This tutorial assumes you know untyped lambda calculus. And jargons like "normal form", "$\beta$-reduction".

Types and Programming Languages, Chapter 3 will be sufficient. The code will be written in Scala, but it should be readable for any one familiar with functional languages

Our terms of lambda calculus is defined as this, we are using de Bruijn index:

```
abstract class Term
abstract class Value extends Term
case class Var(i: Int) extends Term
case class Abs(term: Term) extends Value
case class App(left: Term, right: Term) extends Term
```

We define some shorthand notation, (like *TAPL*, but unlike the Wikipedia article, our de Bruijn index starts with 0):

```
val v0 = Var(0)
val v1 = Var(1)
val v2 = Var(2)
```

Some example of terms of lambda calculus includes:

- Church numeral 0: $\lambda x. \lambda y. y$.
or in code
`val c0 = Abs(Abs(v0))`

- Church numeral 1: $\lambda x. \lambda y. (x\ y)$.
or in code
`val c1 = Abs(Abs(App(v1, v0)))`

- Church numeral 2: $\lambda x. \lambda y. (x (x\ y))$.
or in code
`val c2 = Abs(Abs(App(v1, App(v1, v0))))`

- successor function: $λn. λs. λz. s ((n\ s) z)$.
`val suc = Abs(Abs(Abs(App(v1, App(App(v2, v1), v0)))))`

Suppose you have an interpreter for lambda calculus. we will call it `eval: Term => Value`

. What the interpreter usually do is they compute the term to a "value" (`Value`

) which usually means "weak-head normal form". What this means is basically it computes the `App`

s in a "call by value" fashion, stops when the "head" (root of the term) is a abstraction (= lambda, `Abs`

).

For example: `eval(App(suc, c1))`

is $\lambda s \lambda z. s (((\lambda x. \lambda y. (x\ y)) s) z)$
or in code: `Abs(Abs(App(v1,App(App(Abs(Abs(App(v1,v0))),v1),v0))))`

but we can still reduce $((\lambda x. \lambda y. (x\ y)) s$ to $\lambda y (s\ y)$ inside the above lambda expression, and finally reduce the body to Church numeral 2.

Unlike normal interpreters, normalizers will reduce inside the lambda expression and get normal form of possibly open expressions.

Normalizers has their applications in partial evaluation and proof checkers like Coq.

One can imagine create a normalizer that reduce the terms in the same fashion like a "substitutional interpreter", but can reduce inside lambda expressions. That's one way to create normalizers.

But what we are talking today is another way: we create a *program* in some programming language (where we write the normalizer), such that the program will evaluate to some structure, and later we can read the structure back to a term and that term is the desired normal form. This technique is called normalization by evaluation.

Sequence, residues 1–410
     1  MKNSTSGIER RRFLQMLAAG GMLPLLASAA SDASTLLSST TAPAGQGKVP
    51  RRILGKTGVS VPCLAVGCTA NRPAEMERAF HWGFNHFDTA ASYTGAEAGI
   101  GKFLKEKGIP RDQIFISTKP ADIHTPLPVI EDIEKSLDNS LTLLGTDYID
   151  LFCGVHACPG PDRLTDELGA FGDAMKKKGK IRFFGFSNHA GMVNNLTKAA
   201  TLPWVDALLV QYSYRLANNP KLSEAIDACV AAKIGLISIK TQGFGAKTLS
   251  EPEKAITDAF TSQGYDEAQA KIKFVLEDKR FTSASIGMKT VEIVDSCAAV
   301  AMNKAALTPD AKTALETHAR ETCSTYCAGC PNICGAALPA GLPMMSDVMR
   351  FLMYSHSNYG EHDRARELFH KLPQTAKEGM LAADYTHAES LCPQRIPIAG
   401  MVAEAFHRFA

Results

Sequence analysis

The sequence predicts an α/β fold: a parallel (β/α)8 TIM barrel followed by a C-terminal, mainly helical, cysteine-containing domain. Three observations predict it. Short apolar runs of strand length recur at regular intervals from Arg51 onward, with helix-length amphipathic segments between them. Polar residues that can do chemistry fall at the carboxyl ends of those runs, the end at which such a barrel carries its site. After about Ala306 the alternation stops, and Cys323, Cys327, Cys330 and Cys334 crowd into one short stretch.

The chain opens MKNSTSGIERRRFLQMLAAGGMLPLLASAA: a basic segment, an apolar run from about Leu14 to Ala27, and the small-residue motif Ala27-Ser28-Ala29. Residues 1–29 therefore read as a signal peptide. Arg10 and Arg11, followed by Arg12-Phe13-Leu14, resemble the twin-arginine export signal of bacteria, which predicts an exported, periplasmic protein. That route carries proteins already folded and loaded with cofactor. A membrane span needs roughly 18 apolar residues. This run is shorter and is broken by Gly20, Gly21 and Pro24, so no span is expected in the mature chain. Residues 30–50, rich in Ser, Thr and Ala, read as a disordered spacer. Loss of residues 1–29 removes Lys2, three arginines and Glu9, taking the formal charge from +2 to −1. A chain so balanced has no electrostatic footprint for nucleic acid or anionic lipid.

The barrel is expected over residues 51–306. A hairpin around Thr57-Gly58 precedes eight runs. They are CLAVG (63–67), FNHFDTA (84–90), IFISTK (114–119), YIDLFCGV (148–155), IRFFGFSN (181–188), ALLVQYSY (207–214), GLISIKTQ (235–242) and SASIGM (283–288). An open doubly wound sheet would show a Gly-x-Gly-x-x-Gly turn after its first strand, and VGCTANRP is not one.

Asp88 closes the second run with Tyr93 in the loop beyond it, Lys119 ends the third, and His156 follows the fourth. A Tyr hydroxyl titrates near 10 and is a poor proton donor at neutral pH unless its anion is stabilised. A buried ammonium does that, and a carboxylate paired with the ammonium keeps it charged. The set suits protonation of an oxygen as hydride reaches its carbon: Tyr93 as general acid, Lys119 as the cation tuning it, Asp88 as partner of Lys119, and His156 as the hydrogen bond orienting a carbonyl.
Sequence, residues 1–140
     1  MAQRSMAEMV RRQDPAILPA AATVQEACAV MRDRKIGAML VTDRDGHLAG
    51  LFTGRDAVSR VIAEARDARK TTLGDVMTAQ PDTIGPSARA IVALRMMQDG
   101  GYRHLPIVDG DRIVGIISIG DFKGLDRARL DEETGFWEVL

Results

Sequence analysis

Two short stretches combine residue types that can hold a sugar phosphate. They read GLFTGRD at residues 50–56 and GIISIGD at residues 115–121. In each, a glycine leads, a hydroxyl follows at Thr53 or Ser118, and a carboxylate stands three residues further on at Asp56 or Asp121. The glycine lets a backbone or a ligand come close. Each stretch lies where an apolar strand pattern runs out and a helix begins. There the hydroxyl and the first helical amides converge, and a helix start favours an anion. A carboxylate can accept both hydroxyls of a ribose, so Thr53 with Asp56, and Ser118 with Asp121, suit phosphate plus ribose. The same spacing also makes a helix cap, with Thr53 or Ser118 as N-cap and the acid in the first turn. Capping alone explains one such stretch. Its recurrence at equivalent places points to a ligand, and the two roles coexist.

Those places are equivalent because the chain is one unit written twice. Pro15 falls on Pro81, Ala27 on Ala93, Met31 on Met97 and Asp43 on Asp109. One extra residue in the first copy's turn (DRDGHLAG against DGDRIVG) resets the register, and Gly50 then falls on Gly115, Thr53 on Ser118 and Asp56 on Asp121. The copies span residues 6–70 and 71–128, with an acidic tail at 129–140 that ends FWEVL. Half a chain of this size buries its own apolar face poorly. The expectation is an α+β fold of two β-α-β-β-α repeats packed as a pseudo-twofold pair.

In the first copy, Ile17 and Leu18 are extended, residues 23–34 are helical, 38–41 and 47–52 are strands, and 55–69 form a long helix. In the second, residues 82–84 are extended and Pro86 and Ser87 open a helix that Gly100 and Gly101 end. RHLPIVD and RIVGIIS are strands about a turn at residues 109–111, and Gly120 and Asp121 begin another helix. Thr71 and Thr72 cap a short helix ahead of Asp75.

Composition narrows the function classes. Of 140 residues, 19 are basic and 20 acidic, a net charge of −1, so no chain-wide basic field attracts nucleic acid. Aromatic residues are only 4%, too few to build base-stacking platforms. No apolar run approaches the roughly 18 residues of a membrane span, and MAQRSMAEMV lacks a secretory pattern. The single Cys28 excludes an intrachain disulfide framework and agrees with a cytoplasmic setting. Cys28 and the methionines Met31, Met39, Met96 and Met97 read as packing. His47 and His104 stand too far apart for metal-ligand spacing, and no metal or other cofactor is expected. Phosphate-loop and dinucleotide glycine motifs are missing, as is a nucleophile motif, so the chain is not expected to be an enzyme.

Recall the definition of $\beta$-reduction:

an application of the form $(\lambda x. t)s$ reduces to the term $t[x:=s]$.

In lambda calculus, normal form means their is no more $\beta$-reduction we can make anymore, or such that all applications in a normal form will be something like

- $x\ v$ where $x$ is a variable and $v$ is also in normal form
- forms like $(x\ y) z$
- $((x y) z) k)$ where $x$ is a variable

This inspires us to translate our `Term`

to structure like this:

```
abstract class Head() {
def app(head: Head): Head
}
case class Lam(f: Head => Head) extends Head {
override def app(head: Head) = f(head)
}
case class Acc(depth: Int, as: Seq[Head] = List.empty) extends Head {
override def app(head: Head) = Acc(depth, as :+ head)
}
```

```
import com.twitter.util.Eval
def nbe(t: Term): Term = {
def emitScala(t: Term, depth: Int = -1): String = t match {
case Var(i) =>
if (i > depth) s"Acc(${i - depth - 1})"
else "v" + (depth - i)
case Abs(t) =>
val d = depth + 1
s"Lam((v$d: Head) => {${emitScala(t, d)}})"
case App(l, r) =>
s"(${emitScala(l, depth)}).app(${emitScala(r, depth)})"
}
val text = emitScala(t)
val compiled = new Eval().apply[Head](text)
def readback(h: Head, depth: Int = -1): Term = h match {
case Lam(f) =>
val d = depth + 1
Abs(readback(f(Acc(-d - 1)), d))
case Acc(d, seq) =>
seq.foldLeft[Term](Var(depth + d + 1)) { (l, s) =>
App(l, readback(s, depth))
}
}
readback(compiled)
}
```

Full code here.